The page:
RESURGENCE

West Hill a refugee haven

Nonprofit organization helping to revive area

Picture

Skip Dickstein / Times Union Refugees from Afghanistan, from left; Shakiba Nadir, Tafsela Hashimi and her 4-year-old son and Latifa Ali Muhammed in the home they rent in Albany’s west Hill.

Albany

From community gardens to a welcome center, visions of turning apart of West Hill into a neighborhood for refugees has kept one city resident in the community despite worries about poverty and crime.

Tim Doherty’s efforts to purchase vacant or dilapidated homes on Elk and Sherman streets, sandwiched between heavily traveled Quail and Ontario streets, through his nonprofit RefugeeWelcomeCorp.joins a continuing resurgence of the neighborhood in recent years.

The neighborhood has one of the highest rates of vacant buildings in the city, but Doherty wants to change that and has helped refugees find housing along the way. Challenged to find affordable housing, Afghani refugee Tafsela Hashimi and her 4-year-old son were connected with another Afghani family — Latifa Ali Muhammad and her niece Shakiba Nadir and nephew Larhad Nadir — by Doherty.

“They have all kinds of things they can offer and we can fully make use of it,” Doherty said, adding that helping refugees integrate is important for the community’s success. “We have a whole bunch of vacant and problem buildings and disinvestment in the area, so the only way to salvage investment here is to try and go for these buildings.”

While there are initial up-front costs to resettling refugees, various upstate New York communities have benefited and been revived due to the influx.

With over 4,000 refugees who have resettled in the Capital Region since 2005, and more to come this year, finding “safe, affordable apartments” has become more difficult, said Jill Peckenpaugh, director of the U.S. Committee for Refugees & Immigrants in Albany.

“We have gone into some neighborhoods we haven’t been in before,” she said.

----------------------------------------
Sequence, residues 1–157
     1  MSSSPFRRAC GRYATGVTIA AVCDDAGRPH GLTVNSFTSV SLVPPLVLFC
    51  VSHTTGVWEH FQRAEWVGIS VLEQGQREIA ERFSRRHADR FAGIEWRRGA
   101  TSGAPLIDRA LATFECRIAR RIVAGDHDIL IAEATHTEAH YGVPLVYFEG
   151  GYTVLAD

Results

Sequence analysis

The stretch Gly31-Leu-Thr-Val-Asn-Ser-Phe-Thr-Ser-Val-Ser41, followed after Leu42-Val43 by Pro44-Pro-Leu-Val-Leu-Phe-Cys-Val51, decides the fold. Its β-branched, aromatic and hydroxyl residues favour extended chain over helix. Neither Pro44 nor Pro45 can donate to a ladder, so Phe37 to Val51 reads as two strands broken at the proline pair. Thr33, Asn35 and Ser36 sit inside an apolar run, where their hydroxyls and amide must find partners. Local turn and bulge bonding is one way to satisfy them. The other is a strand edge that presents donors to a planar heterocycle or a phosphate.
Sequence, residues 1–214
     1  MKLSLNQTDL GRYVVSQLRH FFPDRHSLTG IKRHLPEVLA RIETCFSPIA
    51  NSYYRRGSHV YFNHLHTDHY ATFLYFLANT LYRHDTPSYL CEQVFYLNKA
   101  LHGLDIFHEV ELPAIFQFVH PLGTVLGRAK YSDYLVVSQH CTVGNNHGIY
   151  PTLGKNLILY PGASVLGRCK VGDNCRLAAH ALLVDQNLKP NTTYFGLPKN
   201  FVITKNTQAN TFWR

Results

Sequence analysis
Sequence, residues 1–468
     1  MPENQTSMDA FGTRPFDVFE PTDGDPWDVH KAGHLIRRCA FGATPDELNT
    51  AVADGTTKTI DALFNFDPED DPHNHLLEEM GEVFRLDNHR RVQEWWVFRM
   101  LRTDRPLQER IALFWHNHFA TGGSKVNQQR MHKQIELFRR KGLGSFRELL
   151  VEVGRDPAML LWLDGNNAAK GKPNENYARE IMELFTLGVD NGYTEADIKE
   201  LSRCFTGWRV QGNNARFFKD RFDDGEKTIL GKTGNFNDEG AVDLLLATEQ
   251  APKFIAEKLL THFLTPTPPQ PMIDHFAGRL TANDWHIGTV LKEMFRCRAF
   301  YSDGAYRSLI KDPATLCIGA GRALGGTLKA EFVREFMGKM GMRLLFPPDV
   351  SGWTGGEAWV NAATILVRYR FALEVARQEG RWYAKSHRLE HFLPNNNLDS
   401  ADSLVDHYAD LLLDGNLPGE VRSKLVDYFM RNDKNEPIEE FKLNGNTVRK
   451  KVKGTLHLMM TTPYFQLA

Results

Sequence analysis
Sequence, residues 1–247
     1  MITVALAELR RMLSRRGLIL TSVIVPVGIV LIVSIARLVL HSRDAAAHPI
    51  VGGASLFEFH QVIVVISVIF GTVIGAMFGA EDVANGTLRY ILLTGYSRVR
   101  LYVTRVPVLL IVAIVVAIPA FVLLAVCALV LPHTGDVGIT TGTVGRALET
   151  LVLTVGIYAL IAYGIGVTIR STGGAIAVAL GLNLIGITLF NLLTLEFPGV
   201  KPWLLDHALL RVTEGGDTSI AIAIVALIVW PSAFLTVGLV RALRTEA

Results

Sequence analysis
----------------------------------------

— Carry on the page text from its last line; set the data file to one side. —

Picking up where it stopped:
The nonprofit organization helps families find housing and jobs and offers English classes and guidance on financial management.

While Doherty offers housing to refugees, he also helps fill out paperwork, drives the families to doctor’s appointments and English classes and teaches them how to drive. The mission is what got Arizona resident Kay Bauman, a friend of Doherty’s, on board.

“These people who we are welcoming desperately need a safe place to live,” said Bauman, who has helped fund the cause. “To make an effort to welcome them into your neighborhood, into your community, help them find” the grocery store, jobs and schooling “it’s exciting to me, and it’s the right thing to do.”

For Hashimi — who was wed as a young teen and wasn’t allowed to continue her education — the United States offered the promise of freedom and opportunities unheard of for women in Afghanistan.

“If woman outside working, it’s very shameful for the man,” Hashimi, whose native language is Dari, said. “Here, everyone has freedom — I’m thinking I like that. For me, this is very good life.”

Even though West Hill struggles with shootings, drug deals and vacant buildings, Hashimi said her Elk Street home is a refuge compared to where she came from.

Communities across the state have seen a revival due to refugees resettling in the area, including Albany.

“Dana Avenue, you wouldn’t drive down it,” Peckenpaugh said. “Now we can’t even afford to put refugees down there. We had a lot of Bhutanese people who rented properties and stayed, and then property (values) rose.”

In the city of Utica, neighborhoods have seen major resurgences, particularly East Utica and now Cornhill, said Shelly Callahan, executive director of the Mohawk Valley Refugee Center.

Over 16,000 refugees have resettled in Utica in the past 37 years, opening businesses and renovating deteriorating buildings in the city, Callahan said.

“Without them, this would be a far different city and we would be having a completely different conversation,” she said. “I don’t think you’d see the economic revitalization that is going on now without refugees coming here and making this place their home for the last 36 years.”

As West Hill in Albany continues to show promise, Doherty said he sees his nook of the neighborhood benefiting from refugee resettlement as well.

Hashimi said she wants to become a heart surgeon, or a doctor, someday.

“I’m only one person planning my future and my baby’s future,” she said. “What is difficult for me — I want to take that.”

afries@timesunion.com 518-454-5353 @ mandy_fries

See this article in the e-Edition Here